by Prissy Elrod | August 13, 2020

How Prissy’s Pandemic Garden Became a True Crime Story

Florida’s Black Widow, a snake and a little arsenic converge to form an unlikely friendship in the garden

One snake snafu later and Prissy Elrod was quickly known throughout the neighborhood as the “Snake Lady.” Illustration by Stephen Lomazzo

It was January. By then I had been convalescing for nine months.

“Go, enjoy your life,” my physician said through a grin. Three ankle surgeries over a six-month period. Finally, I was being discharged.

Lickety-split I made plans and booked flights … plural. I was ready to spread my wings and escape the opened cage. A three-week adventure awaited. Where to, you wonder? It might be comical if it wasn’t. Sea Island followed by Las Vegas and New York.

Yup! I couldn’t know the godforsaken pandemic was peeking from the shadows ready to rip through the globe. No siree, I was too blissful orbiting my own world—shopping, dining and slurping delicious wines three days before NYC shut down. I flew home and quarantine picked me up at the airport and stayed 14 days. On the 15th day, “stay at home”checked in.

How can I survive another confinement? I begged the universe. My creativity had gotten bored with me and fallen asleep. That meant writing, painting and organizing closets were out.

I learned my girlfriends were playing bridge. Maybe I would do that. Iflashed back to years earlier when I’d tried the game. “You’ll love it,” Carole promised. Once upon a time I believed everything anyone promised. I joined her table of thinking, counting and waiting the next day. It was nothing but rules. “No conversation” was one of them.

Over and over I heard someone say, “Stop talking, Prissy.” My voiceless words were pooled in the back of my throat like bile waiting to be vomited. Pandemic bridge was out. Daytime television, games and puzzles, too. I hated them all.

 “Write another book,” one too many suggested. I wanted to slap them silly. Didn’t they know I was focusing on breathing?


I lay in bed on another Monday morning wishing I could go back to sleep until Tuesday or Wednesday. I swung my bare leg out from under the cover and lifted it for another ankle exercise. I’d been doing the same ritual for months. Circle clockwise; counterclockwise; flex back; point forward; pull left; now right. Ten times, three rounds, keep going, going, going.

I pointed my big toe toward the ceiling, eying the patched, thrice-mended flesh. A four-inch scar was tattooed over my once-skinny ankle. Six months post-surgery and it remained red, swollen and angry. I rubbed the tender skin and started reading my favorite iPhone apps: Jesus Calling, Daily Horoscope, The Secret, Buddha. Face it, I like to cover my bases.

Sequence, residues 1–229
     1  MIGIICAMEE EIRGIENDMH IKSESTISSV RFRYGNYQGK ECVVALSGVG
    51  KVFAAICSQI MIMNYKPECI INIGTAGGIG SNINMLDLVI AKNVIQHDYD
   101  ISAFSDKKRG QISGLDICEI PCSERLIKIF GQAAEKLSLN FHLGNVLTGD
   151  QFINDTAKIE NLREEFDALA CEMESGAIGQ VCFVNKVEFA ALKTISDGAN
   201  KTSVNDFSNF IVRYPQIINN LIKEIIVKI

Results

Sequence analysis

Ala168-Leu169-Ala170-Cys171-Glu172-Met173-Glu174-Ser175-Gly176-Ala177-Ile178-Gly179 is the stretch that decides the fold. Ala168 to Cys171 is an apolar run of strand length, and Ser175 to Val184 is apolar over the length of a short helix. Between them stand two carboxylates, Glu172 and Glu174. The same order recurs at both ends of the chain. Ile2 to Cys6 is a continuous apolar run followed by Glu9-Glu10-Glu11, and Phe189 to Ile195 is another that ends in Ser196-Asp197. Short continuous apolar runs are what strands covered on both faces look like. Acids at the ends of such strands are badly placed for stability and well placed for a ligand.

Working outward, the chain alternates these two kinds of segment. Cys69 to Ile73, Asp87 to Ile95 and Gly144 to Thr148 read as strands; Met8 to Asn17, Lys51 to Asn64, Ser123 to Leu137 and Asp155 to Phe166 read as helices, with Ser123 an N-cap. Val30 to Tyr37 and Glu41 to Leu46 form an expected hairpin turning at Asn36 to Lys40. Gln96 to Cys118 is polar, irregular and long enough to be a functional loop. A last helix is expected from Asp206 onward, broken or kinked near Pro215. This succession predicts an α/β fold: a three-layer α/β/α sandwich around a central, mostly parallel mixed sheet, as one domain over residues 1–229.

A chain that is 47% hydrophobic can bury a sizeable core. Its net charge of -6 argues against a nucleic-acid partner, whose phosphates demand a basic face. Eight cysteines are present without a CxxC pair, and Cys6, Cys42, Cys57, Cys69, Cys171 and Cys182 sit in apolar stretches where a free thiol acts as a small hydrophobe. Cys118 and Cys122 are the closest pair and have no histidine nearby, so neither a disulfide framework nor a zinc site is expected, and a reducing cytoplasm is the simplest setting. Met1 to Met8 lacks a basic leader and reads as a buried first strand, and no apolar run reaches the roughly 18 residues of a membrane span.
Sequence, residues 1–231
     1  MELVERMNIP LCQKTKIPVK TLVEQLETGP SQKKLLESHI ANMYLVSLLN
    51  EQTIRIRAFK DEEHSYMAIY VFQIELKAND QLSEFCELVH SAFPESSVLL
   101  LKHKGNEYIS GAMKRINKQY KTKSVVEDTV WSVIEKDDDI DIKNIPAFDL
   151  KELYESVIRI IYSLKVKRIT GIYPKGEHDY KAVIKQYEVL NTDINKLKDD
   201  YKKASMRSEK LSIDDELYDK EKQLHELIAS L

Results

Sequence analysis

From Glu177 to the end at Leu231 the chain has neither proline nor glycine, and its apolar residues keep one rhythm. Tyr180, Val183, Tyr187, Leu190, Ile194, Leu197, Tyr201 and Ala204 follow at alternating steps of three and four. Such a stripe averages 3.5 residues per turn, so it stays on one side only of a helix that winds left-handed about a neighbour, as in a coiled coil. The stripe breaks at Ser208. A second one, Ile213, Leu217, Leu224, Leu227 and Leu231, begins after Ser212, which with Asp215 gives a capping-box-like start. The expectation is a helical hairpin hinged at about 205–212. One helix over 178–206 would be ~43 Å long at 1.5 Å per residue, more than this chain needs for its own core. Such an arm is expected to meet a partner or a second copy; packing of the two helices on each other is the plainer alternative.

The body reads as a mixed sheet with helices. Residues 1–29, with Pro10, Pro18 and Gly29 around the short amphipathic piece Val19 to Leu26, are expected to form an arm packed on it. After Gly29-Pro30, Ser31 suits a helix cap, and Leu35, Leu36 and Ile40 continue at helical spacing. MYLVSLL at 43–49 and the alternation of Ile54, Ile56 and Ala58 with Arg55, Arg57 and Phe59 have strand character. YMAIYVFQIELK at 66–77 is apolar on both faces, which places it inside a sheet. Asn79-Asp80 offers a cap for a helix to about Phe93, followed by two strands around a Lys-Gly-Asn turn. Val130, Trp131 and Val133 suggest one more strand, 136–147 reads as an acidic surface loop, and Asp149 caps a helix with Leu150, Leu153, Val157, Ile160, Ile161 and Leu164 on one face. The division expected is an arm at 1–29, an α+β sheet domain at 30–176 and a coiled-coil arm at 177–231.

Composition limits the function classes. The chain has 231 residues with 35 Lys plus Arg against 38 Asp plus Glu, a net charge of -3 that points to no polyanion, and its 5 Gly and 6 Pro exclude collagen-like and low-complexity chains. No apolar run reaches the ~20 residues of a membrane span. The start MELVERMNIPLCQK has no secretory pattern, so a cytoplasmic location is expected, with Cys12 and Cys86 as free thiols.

I listened to music from the AirPods plugged into my ears. A song came on with powerful lyrics streamed by a singer’s vocals. I rewound and listened again.

“Siri, what’s the name of that song?” I asked.

“The name of this song is ‘Carry On’ by Fun,” Siri answered.

Of course! How appropriate the universe would deliver that message to me by a band named Fun. The perfect vessel. Yes, I have Louisiana crazy running through my veins.

While I can’t quote the actual lyrics (copyright infringement), I did decipher the message. Things are what they are and can’t be what they’re not. Keep going.

 The melodic lyrics strung particular words—“feet,” “legs” and “ground”—inside the verses of a song lasting less than five minutes. It rang courage, change and hope. At least for me.

My foot wasn’t perfect, but it worked, and I had two strong legs that craved motion. The sabbatical from walking was over for me. I jumped from my bed with a birthed ambition. I even created a name for the game before I brushed my teeth. Five for Five.

Things are what they are and can’t be
what they’re not. Keep going.

I would walk five miles a day, five days a week. It might be a lame goal for a serious athlete, but it was a challenge for me. It was also a turning point.

Our new neighborhood became my track, a pandemic paradise. We had moved inside the gated community 18 months earlier, a week before Christmas. I mention this only because who in their right mind moves one week before Christmas? Crazy people, that’s who. Merry and Christmas divorced that year.